15 NEW YORK LAW SCHOOL LAW REVIEW VOLUME /10 amendments to the Federal Rules of Civil Procedure that took effect in These new amendments made electronic information subject to disclosure just like paper documents, 121 as had already been recognized by many courts. 122 As the Rules Committee explained, the amendments were enacted to alert courts to the possible need to address the handling of discovery of electronically stored information early in the litigation if such discovery is expected to occur. 123 While the rules require a party asserting a privilege claim after production to promptly notify the opposing party and the court, 124 the rules are merely procedural in nature and do not address whether the privilege or protection that is asserted after production was waived by the production. 125 Instead, the rules permit courts to apply their own legal rules in determining whether waiver occurred. 126 Inadvertent waiver of privilege is therefore still a possibility under the amended Federal Rules of Civil Procedure. 127 The rules do, however, encourage parties to enter into confidentiality agreements in order to preserve privilege claims. Federal Rule of Civil Procedure 16, for example, provides that a court may, at its discretion, include in its scheduling order any agreements the parties reach for asserting claims of privilege or of protection as trialpreparation material after information is produced. 128 Under this rule, a court may permit litigants to agree that if privileged or protected information is inadvertently produced, the producing party may by timely notice assert the privilege or protection and obtain return of the materials without waiver. 129 Two forms of confidentiality agreements in Rule 16 quick-peek and claw-back are sometimes used in litigation as a means by which parties attempt to contract around waiver law. 130 Under these agreements, the litigants agree to forego, or substantially limit, privilege review during discovery with the caveat of having to return any inadvertently produced privileged material. 131 A quick-peek agreement provides that a producing party may 120. These new amendments were codified as Fed. R. Civ. P. 16(b)(3)(iii), 26(b)(2), 26(f), and 37(e) See Fed. R. Civ. P. 16(b)(3)(B)(iii) See Zubulake I, 217 F.R.D. at 317 ( [E]lectronic documents are no less subject to disclosure than paper records. ) (citation and internal quotation marks omitted) Fed. R. Civ. P. 16(b) advisory committee s note to 2006 Amendment See Fed. R. Civ. P. 26 advisory committee s note to 2006 Amendment Fed. R. Civ. P. 26(b)(5) advisory committee s note to 2006 Amendment See id See Barbara J. Rothstein et al., Managing Discovery of Electronic Information: A Pocket Guide for Judges 16 (2007), available at eldscpkt.pdf Fed. R. Civ. P. 16(b)(3)(B)(iv) Fed. R. Civ. P. 16 advisory committee s note to 2006 Amendment See Kindall C. James, Comment, Electronic Discovery: Substantially Increasing the Risk of Inadvertent Disclosure and the Costs of Privilege Review Do the Proposed Amendments to the Federal Rules of Civil Procedure Help?, 52 Loy. L. Rev. 839, 850 (2006) See Zubulake III, 216 F.R.D. at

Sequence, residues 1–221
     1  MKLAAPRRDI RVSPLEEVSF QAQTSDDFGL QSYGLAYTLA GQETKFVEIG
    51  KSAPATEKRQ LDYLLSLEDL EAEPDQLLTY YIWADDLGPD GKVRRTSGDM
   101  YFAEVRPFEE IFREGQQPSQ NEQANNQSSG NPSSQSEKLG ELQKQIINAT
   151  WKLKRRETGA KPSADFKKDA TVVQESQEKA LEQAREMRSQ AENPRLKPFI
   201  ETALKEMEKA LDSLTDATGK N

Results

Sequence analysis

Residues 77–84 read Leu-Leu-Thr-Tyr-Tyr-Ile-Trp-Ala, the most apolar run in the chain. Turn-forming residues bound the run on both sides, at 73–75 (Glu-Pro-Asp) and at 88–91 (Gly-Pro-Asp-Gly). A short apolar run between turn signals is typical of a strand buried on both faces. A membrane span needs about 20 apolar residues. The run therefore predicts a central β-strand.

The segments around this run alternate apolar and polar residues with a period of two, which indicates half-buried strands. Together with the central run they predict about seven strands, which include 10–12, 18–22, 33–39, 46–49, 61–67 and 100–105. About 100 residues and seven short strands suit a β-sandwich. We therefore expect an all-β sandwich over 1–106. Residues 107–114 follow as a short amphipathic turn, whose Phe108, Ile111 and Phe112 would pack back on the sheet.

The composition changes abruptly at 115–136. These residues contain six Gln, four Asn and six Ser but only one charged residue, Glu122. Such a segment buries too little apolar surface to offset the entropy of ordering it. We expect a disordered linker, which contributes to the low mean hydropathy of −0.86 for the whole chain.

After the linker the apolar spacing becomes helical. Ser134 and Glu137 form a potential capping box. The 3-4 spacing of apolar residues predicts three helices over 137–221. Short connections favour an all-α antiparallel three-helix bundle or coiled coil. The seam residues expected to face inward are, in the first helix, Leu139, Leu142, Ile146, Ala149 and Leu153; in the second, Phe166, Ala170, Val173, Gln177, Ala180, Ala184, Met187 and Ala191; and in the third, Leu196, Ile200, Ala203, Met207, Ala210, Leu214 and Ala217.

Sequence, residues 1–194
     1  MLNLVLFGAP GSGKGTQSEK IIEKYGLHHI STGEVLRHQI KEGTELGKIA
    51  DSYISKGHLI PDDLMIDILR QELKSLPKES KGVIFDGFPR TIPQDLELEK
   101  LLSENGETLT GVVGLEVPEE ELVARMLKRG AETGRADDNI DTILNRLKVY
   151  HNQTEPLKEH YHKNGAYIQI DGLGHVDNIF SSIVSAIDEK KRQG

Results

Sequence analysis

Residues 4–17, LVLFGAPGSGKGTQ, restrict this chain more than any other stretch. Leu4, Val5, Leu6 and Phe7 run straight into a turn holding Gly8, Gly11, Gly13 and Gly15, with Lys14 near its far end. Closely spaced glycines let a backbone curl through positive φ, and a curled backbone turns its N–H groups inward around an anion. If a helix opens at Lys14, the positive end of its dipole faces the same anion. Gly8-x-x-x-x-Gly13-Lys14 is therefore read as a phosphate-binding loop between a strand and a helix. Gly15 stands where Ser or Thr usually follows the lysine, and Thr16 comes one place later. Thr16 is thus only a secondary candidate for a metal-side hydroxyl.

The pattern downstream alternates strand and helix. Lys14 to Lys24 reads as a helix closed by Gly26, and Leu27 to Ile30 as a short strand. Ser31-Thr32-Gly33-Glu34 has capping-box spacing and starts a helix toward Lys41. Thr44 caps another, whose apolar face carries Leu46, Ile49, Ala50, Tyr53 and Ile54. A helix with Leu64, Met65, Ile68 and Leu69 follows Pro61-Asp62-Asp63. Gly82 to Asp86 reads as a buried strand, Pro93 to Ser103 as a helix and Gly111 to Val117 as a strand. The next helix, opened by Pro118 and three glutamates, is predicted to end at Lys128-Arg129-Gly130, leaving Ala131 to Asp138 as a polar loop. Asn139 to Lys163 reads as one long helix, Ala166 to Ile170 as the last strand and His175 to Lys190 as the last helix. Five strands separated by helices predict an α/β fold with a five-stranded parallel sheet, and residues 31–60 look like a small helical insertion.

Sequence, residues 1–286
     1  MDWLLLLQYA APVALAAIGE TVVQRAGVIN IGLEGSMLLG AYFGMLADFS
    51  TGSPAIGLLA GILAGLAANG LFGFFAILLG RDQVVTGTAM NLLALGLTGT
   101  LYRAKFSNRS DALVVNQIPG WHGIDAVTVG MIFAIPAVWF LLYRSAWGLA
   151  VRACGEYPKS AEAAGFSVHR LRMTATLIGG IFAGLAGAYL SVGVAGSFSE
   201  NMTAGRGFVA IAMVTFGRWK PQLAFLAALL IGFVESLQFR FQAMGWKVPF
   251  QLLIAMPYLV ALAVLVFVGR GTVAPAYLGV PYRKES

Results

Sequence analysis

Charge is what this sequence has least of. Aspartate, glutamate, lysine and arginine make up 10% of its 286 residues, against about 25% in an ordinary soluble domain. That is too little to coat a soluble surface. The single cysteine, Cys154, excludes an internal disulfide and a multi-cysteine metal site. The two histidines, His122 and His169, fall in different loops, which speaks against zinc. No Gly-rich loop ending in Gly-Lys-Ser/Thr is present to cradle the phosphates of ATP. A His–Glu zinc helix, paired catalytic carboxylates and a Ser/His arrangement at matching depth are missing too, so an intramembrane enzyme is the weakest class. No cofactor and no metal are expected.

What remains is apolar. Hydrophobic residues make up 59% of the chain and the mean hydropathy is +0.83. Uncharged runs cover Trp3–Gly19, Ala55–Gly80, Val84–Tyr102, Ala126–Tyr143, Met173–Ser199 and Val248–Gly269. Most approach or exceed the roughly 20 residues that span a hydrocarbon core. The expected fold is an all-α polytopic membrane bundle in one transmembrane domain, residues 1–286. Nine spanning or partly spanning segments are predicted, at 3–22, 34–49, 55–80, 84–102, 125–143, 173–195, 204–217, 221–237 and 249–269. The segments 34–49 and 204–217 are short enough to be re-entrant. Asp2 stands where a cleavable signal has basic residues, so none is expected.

16 Preserving Attorney-Client Privilege in the Age of Electronic Discovery turn over all requested documents to the requesting party for initial examination without waiving any claim of privilege, even if the producing party did not conduct a privilege review. 132 The requesting party designates which materials it wants produced and then the producing party conducts privilege review only for those specifically designated documents. 133 In comparison, a claw-back agreement, as defined by the Rules Committee, provides that production without intent to waive privilege... should not be a waiver so long as the responding party identifies the documents mistakenly produced, and that the documents should be returned under those circumstances. 134 The amended rules do not substantially address privilege concerns beyond encouraging confidentiality agreements. As discussed in Part IV, infra, these quickpeek and claw-back agreements do not always protect parties because many courts are reluctant to recognize them and they are not binding on non-parties to the proceeding. 135 This inevitably leaves courts with no choice but to continue applying outdated waiver rules when inadvertent disclosure of privileged information occurs during electronic discovery. 136 IV. A CLIENT-ORIENTED APPROACH TO privilege-waiver LAW A. Court Non-Waiver Orders To avoid the complicated morass of waiver law, some courts issue non-waiver orders, incorporating confidentiality agreements between the parties. 137 As discussed in Part III.C, supra, confidentiality agreements include quick-peek and claw-back agreements. Parties have been entering into confidentiality agreements for some time, with varying degrees of support in different jurisdictions. 138 A confidentiality agreement merely provides contractual protection to a producing party that inadvertently discloses privileged material to its opponent. 139 That agreement, 132. See Fed. R. Civ. P. 26(f) advisory committee s note to 2006 Amendment; see also Fed. R. Civ. P See Fed. R. Civ. P. 26(f) advisory committee s note to 2006 Amendment Id See Koch Materials Co. v. Shore Slurry Seal, Inc., 208 F.R.D. 109, (D. N.J. 2002); Bowne of N.Y.C., Inc. v. AmBase Corp., 150 F.R.D. 465, (S.D.N.Y. 1993). A stipulated non-waiver may be defensible as between the two parties inasmuch as they are free to agree between themselves that certain evidence will not be used. But it is questionable whether such agreements should be effective as against third parties. Similarly, since courts cannot change the law of evidence by local rule, it is hard to justify a discovery order that purports to have the effect of altering the law of waiver. Wright & Graham, supra note 4, 5507, at Cf. Christopher M. Santomassimo et al., Thirteen Steps to Cope with Corporate Privilege Erosion, Ass n of Corp. Couns. Docket 28, 32 (2007) See, e.g., Hopson, 232 F.R.D. at See Rowe, 205 F.R.D. at 432. But see Koch, 208 F.R.D. at See Fed. R. Evid. 502(e) ( An agreement on the effect of disclosure in a Federal proceeding is binding only on the parties to the agreement, unless it is incorporated into a court order. ). 556